Therefore, it’s important to approach each book as its own project and plan for the long term.

[contact-form-7 id=”910″ title=”Contact Us”]

Posted on

Author Street Team – A Hundred Megaphones

Author street teams, a hundred megaphones

What is an author street team? Well, in a nutshell, it’s a group of readers who you can call on to help promote and market your book. In return, they get early access to books and author swag. It’s one of the most effective marketing tools–if done right.

If you’ve been following along in our marketing blog series, you’ve probably seen a common theme around soft selling. This is the art of creating good relationships first, then using those relationships to market your book. From bloggers to your social media followers, people want to get to know YOU first.

How to Get Started

Build your author street team from fans who've already read your book, and those who might in the futureConverting those social media relationships into a street team is fairly easy. Think about the fans who always comment, always share, who are always asking questions. These are the folks you should invite to join your street team. There might also be others lurking amongst your followers who’d be game, so be sure to talk about it.

A few weeks ago, we wrote a post about Facebook groups, and we really like that platform for managing your team. However, be advised that not everyone (especially the younger crowd) is still on the Facebook bandwagon. We’ve also used Twitter groups and have played a little bit with Instagram Direct Message groups, but they aren’t as well-organized.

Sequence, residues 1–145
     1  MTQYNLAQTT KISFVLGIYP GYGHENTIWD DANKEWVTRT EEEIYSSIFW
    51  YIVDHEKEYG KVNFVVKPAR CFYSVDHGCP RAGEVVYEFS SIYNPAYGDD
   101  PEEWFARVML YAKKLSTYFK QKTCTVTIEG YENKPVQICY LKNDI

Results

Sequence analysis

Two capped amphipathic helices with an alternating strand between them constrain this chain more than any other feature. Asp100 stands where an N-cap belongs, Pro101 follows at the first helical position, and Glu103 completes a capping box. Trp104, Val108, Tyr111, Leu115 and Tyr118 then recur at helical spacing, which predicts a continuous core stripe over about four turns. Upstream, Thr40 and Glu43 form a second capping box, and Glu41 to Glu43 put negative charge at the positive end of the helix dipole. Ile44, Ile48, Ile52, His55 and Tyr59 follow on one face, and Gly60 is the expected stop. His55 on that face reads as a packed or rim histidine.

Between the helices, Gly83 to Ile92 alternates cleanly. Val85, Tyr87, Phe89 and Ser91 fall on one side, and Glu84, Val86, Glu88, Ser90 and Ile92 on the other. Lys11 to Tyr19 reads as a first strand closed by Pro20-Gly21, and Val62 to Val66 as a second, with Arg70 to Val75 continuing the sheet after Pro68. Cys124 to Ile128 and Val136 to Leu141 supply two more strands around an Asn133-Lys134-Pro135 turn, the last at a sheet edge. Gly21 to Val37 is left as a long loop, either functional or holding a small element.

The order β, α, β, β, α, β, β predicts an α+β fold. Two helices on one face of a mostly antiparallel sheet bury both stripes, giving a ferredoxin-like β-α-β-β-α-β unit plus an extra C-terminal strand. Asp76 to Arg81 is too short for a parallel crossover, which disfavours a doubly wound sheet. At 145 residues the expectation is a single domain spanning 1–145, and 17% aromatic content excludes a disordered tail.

Make it a Community

If you’ve joined any sort of fan group on the internet, you probably joined because of the celebrity or TV show, but stayed for the community. That’s exactly how you should be building your street team. Although the point of the group is to talk about you and your books, mix up your content with questions, discussion posts, or even guest posts. This is especially important when you aren’t actively promoting a book.

If you’re using a content scheduler tool like CoSchedule, you can even schedule these questions in advance, making sure that content is posted on a fairly regular schedule. Don’t forget to respond to comments, though!

Let’s Play a Game

Use competitions to incentivize your author street team to share and leave reviewsWhen you are gearing up for a book release, your street team can be a valuable asset in your marketing arsenal. One of the things we like to do is to run competitions within the street team that rewards them for sharing, commenting, or posting their own original content. We figure out what our end goals are (more reviews/more sales/more organic reach/etc) and then design the competition to reward players for taking those actions.

For most of our competitions, there are various levels resulting in bigger prizes. In some cases, each person earns points for themselves, but we’ve also split the street team into competing factions. Prizes start out small–bookmarks and postcards–and have gone all the way up to coffee mugs and tote bags.

A tweet or a Facebook comment would be a single point, whereas a review on Amazon would be twenty points. We also award extra points for cross posting to Goodreads, Barnes and Noble, and any other eBook store out there.